While growers got a reprieve from Social Security “no-match” letters in 2007, states have enacted their own illegal immigration enforcement laws that will take effect this year.
According to the Washington Post, Arizona is where the nation’s toughest and potentially most far-reaching crackdown on undocumented workers and their employers will be. The Arizona law, which took effect Jan. 1, penalizes companies that knowingly hire illegal immigrants by suspending their business licenses for up to 10 days. On the second offense, the business license would be revoked.
At the federal level last August, the Department of Homeland Security issued a new rule giving employers 90 days to terminate workers whose paperwork could not be reconciled once they received a no-match letter. Enforcement was blocked in October through an injunction granted by a federal district court judge in California.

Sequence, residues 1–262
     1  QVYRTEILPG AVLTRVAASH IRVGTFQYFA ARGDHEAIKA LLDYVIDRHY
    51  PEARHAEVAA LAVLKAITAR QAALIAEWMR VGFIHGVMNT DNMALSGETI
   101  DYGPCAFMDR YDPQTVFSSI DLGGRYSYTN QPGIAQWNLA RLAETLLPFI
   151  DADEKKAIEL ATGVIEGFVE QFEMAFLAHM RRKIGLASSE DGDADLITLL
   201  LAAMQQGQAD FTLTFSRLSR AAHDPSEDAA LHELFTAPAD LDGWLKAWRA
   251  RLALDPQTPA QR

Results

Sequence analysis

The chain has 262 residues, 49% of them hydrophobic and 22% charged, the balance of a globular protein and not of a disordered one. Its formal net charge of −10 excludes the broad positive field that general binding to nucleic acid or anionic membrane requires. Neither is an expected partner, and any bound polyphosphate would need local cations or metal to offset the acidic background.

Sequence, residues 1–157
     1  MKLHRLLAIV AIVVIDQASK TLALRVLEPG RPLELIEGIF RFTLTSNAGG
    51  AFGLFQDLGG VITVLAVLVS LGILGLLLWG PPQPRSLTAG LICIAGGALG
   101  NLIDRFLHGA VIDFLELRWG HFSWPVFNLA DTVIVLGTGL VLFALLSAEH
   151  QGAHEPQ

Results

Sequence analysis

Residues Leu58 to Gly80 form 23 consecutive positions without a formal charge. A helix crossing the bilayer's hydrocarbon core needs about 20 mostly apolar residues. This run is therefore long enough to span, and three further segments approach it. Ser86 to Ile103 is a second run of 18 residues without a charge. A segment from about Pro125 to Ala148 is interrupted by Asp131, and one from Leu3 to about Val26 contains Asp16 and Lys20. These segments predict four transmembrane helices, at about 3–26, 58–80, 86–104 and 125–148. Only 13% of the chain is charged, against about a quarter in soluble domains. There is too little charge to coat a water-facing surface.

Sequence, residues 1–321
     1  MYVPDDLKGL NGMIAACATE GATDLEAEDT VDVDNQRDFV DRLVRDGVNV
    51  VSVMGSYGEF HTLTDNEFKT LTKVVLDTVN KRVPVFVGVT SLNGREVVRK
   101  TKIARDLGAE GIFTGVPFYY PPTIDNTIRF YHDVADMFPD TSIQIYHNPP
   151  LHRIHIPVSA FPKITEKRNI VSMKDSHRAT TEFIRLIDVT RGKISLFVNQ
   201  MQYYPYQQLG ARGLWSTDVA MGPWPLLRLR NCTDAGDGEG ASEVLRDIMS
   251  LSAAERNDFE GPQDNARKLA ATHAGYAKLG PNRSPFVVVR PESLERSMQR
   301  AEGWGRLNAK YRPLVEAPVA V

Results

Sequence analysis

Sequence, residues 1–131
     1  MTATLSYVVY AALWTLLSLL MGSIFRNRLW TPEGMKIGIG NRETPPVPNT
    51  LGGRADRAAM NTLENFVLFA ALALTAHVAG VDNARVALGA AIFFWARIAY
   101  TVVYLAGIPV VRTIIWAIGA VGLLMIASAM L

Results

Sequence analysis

In the past, employers were not required to act on no-match letters received from the Social Security Administration.
“The no-match letters are an important tool, not only for the department to better enforce our immigration laws, but also for employers to make sure they are complying with the law and appropriate hiring practices,” said Veronica Valdes, spokeswoman for the Department of Homeland Security, in an interview with the Atlanta Journal-Constitution. “We are in no way abandoning the no-match rule.” The department will revise the rule and try again, she said.